Chances for a closed-door deal on which candidate would represent the Democratic Progressive Party (DPP) in next year’s presidential election seemed slim yesterday after a negotiation deadline expired.
Although the party was scheduled to hold a negotiation session, none of the candidates — Tsai Ing-wen (蔡英文), Su Tseng-chang (蘇貞昌) and Hsu Hsin-liang (許信良) — had shown any desire to back out of the race, meaning that the window of opportunity to avoid an internal battle has now closed.
While informal negotiations will likely continue, the candidates will no longer be able to receive a partial refund of the NT$5 million (US$172,000) registration fee paid to the DPP as part of their bid.
Tsai, who has temporarily stepped down as DPP chairperson, and Su, a former premier, have been closely matched in recent polls, leading many party officials to question whether an eleventh-hour deal could be reached before the telephone polls, which will be used to decide the primary, begin on April 25.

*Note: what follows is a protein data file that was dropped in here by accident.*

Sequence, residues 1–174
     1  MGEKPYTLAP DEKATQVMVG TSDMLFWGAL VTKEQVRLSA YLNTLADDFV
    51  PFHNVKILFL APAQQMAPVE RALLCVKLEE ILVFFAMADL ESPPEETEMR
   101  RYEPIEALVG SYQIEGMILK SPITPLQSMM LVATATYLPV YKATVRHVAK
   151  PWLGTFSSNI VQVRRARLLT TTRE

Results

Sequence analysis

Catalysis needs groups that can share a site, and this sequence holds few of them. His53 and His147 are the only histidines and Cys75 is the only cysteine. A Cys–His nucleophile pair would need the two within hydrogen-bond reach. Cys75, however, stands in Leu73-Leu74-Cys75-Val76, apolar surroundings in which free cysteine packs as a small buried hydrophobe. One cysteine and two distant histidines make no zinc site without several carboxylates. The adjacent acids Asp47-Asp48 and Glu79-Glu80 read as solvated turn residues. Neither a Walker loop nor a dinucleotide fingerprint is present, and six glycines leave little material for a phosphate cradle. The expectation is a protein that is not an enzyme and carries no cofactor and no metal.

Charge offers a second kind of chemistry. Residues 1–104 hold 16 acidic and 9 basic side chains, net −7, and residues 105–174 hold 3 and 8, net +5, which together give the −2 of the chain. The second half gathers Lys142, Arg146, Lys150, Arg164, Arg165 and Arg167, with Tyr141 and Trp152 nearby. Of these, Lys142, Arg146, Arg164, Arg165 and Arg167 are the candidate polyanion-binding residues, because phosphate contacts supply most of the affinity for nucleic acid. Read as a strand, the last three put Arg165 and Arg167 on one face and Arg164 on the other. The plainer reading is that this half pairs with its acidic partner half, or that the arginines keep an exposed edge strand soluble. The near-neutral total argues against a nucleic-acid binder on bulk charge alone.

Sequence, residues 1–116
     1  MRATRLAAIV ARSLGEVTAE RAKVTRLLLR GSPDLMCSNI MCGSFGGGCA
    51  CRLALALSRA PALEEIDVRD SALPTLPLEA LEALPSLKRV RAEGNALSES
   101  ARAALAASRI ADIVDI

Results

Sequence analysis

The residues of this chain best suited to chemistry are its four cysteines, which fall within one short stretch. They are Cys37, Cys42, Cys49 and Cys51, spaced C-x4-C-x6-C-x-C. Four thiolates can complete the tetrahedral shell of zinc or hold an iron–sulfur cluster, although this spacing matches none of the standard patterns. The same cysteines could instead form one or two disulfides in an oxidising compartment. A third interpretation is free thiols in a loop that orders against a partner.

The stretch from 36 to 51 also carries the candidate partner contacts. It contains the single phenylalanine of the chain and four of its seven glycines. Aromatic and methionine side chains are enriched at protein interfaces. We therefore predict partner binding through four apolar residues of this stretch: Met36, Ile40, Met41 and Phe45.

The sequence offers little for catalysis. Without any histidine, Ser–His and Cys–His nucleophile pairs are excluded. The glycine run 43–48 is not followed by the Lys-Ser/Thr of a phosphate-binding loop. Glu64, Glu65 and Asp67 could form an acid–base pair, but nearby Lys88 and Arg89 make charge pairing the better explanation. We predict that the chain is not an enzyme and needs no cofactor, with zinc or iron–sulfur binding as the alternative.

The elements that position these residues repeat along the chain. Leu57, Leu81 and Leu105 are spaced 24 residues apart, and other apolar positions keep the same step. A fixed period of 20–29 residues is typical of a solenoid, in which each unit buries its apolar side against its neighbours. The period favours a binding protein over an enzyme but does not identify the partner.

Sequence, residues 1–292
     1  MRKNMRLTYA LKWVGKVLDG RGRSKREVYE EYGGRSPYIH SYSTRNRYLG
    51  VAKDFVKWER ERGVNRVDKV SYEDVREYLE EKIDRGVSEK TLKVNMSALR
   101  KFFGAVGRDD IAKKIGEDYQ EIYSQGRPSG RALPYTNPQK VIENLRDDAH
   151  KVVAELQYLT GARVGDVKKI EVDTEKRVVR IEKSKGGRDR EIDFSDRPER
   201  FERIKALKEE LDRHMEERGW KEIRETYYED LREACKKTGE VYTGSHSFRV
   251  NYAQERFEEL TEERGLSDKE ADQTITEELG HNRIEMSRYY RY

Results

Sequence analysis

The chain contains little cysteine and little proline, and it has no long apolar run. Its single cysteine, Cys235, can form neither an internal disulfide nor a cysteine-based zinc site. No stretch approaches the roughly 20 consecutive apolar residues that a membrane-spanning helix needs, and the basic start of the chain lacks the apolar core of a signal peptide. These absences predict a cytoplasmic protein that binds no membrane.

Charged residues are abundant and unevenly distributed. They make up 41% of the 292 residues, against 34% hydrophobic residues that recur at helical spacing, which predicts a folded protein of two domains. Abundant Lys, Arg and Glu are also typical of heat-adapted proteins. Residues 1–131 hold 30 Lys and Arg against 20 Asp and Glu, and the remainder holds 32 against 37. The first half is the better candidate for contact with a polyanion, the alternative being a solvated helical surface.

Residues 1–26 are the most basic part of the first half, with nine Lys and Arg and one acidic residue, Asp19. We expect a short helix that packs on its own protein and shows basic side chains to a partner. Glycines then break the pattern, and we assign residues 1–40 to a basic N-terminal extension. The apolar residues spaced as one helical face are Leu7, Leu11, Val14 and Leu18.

Hsu, another former DPP chairman, has been trailing far behind in the polls, but has given no indication that he plans to drop out of the race.
“Although the scheduled discussions have ended, the primary and the upcoming televised appearances will progress on schedule,” DPP spokesperson Lin Yu-chang (林佑昌) said.
The DPP plans to hold four televised appearances, during which the three candidates will be given a chance to present their election platforms. They will also answer questions by representatives of civic organizations and academics.
The sessions will be held on Saturday, April 13, April 16 and April 20, and will be broadcast on cable news stations FTV News, ETTV, Era News and SET TV respectively.
The primary is expected to wrap up on May 4, after the telephone polls conclude on April 29.